Understanding Language Services for Content Globalization

Jul 26, 2017

Article ImageDuring recent discussions with global product and content leaders, and language service suppliers, I noticed that a recurring topic still made relationships between these suppliers and their clients less productive than expected. They can’t seem to agree on the answers to a couple of questions. What are language services and how do these services contribute to global business in general and digital experiences in particular? It is a broad topic that has surfaced and been subject to scrutiny for the last couple of decades. One thing has not changed over the years. Most conversations about it are tied to the overall value of language services, and how it makes a tangible impact on deployment cycle times and delivery performance that are essential to delight customers around the world.

As a matter of fact, a lot of difficulties associated with this ongoing debate around language services are rooted in mutual misunderstanding between a number of suppliers and their clients or leads. On the one hand, some providers do not do enough due diligence to understand what clients really need and offer services that will really help them solve their problems and achieve their goals. It is mostly a marketing and sales issue for them. On the other hand some buyers of language services do not have a clear and full picture of what these services entail and how they power much of the globalization of their content and products. They often view it as a conceptual and rational issue. For example, the ambiguous status or the wrong positioning of translation lead to unfruitful collaboration and missed opportunities over time. As a result language services may be seen as a mere commodity, and a low-level activity by some buyers, most of all if providers adopt a low profile by failing to highlight translation as a business process and a value-generating asset.

Existing or potential buyers of language services should keep an eye on the following checklist before and when talking to providers.

  • Language services are more than just translation. This is fairly easy to consider and remember as languages convey ideas, messages, and goals instead of more than just words. Therefore translation should not be used as a mixed bag – or even worse – as some sort of umbrella that would encompass all about language services. These services should rather be detailed to cover major areas of expertise like:
    • Source content creation for content authoring, design, and development
    • Source and target language analysis for content reuse and repurpose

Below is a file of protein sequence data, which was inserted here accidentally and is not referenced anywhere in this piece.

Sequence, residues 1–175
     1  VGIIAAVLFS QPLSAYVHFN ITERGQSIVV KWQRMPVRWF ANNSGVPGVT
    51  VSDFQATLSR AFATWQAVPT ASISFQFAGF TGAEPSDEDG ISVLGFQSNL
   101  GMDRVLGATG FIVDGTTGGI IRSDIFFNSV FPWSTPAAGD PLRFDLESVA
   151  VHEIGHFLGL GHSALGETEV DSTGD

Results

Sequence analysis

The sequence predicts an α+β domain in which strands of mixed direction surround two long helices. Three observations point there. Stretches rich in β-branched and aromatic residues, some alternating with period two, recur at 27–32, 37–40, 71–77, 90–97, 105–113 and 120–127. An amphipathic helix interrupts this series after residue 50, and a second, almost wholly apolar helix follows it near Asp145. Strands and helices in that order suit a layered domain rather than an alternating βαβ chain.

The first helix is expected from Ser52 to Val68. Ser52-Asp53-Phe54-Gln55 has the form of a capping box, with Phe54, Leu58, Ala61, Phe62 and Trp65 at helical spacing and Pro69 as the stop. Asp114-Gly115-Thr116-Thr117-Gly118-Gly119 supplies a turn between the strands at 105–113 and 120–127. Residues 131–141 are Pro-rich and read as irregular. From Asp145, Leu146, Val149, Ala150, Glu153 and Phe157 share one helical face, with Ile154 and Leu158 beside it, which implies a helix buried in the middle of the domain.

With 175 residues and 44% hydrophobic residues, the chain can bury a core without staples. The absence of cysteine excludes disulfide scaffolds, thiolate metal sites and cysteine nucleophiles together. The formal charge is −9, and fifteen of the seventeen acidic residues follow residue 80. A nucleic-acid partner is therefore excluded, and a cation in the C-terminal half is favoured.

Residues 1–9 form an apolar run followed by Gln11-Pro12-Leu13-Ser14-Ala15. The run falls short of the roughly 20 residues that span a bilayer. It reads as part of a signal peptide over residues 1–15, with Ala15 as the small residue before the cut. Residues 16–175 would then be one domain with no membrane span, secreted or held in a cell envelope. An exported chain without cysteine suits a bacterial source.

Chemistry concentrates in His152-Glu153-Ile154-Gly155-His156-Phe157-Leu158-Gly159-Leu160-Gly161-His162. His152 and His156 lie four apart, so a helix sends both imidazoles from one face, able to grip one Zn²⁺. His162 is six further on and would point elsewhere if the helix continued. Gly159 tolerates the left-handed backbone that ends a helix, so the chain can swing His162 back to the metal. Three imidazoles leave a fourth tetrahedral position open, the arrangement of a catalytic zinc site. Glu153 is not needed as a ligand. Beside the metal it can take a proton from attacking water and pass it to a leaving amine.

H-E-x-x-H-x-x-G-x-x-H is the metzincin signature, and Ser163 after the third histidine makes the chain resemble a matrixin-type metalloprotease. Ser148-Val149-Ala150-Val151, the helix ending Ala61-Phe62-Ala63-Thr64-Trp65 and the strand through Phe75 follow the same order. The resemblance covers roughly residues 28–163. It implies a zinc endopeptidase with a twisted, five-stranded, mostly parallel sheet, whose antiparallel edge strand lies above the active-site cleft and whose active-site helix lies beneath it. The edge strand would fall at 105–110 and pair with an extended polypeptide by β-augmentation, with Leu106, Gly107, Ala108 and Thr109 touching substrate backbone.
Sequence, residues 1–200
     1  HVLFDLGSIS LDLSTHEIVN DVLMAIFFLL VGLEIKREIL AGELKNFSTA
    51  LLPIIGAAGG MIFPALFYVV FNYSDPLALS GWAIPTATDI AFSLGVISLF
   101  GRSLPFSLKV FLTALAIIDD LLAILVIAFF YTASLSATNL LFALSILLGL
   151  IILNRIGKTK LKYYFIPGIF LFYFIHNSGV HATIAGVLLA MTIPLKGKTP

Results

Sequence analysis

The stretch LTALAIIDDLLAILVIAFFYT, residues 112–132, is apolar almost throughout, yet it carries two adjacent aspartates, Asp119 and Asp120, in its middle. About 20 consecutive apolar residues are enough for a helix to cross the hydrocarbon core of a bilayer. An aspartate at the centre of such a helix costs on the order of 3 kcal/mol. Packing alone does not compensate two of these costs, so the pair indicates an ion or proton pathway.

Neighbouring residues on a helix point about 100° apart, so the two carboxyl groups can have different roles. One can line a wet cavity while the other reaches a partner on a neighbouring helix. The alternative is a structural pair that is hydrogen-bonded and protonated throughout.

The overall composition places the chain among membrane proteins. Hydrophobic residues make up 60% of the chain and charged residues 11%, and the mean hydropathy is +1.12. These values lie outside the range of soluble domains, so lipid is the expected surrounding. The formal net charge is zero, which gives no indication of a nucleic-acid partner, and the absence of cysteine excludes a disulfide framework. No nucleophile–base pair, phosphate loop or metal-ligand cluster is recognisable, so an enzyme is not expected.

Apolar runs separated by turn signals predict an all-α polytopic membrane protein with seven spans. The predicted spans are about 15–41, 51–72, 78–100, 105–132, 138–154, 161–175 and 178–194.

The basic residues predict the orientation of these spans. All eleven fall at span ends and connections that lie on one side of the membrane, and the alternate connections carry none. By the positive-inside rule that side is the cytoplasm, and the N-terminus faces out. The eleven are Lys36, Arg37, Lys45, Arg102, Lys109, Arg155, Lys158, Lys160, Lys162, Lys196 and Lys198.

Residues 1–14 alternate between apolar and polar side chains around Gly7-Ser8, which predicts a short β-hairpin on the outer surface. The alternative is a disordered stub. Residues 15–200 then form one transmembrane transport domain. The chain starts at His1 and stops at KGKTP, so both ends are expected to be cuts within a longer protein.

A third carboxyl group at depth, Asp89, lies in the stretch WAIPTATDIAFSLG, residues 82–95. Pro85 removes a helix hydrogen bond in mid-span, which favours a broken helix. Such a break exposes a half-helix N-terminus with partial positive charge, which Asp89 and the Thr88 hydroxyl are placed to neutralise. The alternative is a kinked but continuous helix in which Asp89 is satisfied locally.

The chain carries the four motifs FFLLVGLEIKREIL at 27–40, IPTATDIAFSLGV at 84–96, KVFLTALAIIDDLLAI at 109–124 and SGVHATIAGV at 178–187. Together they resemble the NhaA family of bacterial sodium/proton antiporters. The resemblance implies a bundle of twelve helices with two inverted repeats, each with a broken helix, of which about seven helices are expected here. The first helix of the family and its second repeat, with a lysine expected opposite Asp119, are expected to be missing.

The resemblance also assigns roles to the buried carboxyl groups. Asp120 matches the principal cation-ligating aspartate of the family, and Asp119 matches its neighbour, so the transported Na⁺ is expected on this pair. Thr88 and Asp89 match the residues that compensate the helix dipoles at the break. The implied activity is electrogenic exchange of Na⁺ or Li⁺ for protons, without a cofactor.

• Terminology management for contextual sensitivity and consistency
    • Translation for accurate linguistic adaptation
    • Localization for relevant market adaptation
    • Quality check and assurance for increased content quality
    • Graphical and publishing tasks for content formatting
    • Engineering for content transaction and conversion
    • Testing and certification for content effectiveness across ecosystems
    • Project and program management for the coordination and optimization of content workflows
  • Language services are driven by specialized resources. As there is a chain of tasks associated with these services a number of experienced resources and skilled experts are involved. In other words, neither everyone nor anyone can perform these tasks regardless of how easy they might appear at the first sight – at first sight only. Selecting, leveraging, and organizing the right resources for the right job are crucial to make the most of language services. Obviously it is the provider’s call but buyers should demand and get clarity about how proper and professional resourcing plays out in their own interest. It also helps separate providers with scalable capacity and proven professionalism from providers acting as mailboxes splitting and dispatching work anyhow and anywhere
  • Language services include technology. In the digital age, the ability to tame speed and large amounts of content simultaneously and globally is a given. More often than not international audiences and clients take it for granted. Therefore effective and holistic language services cannot deliver on any promise without the needed levels of automation and acceleration that technology enables. At the very least providers have to tailor their tools to streamline work flows, synchronize contributing resources and handle volumes of content in various formats and for various markets. As a next step they should be able to take technology further in order to connect and integrate with the environment(s) of their clients. It is a technical challenge but it goes way beyond implementing an automatic translation feature or setting up a shared content drive. It must fit in information management systems to incorporate and globalize content linguistically, culturally, and functionally.

These few basic considerations show that language services are neither to be oversimplified nor to be kept in a business vacuum. It is the key to unlock and increase their value for any content, any function, and any global business objective.

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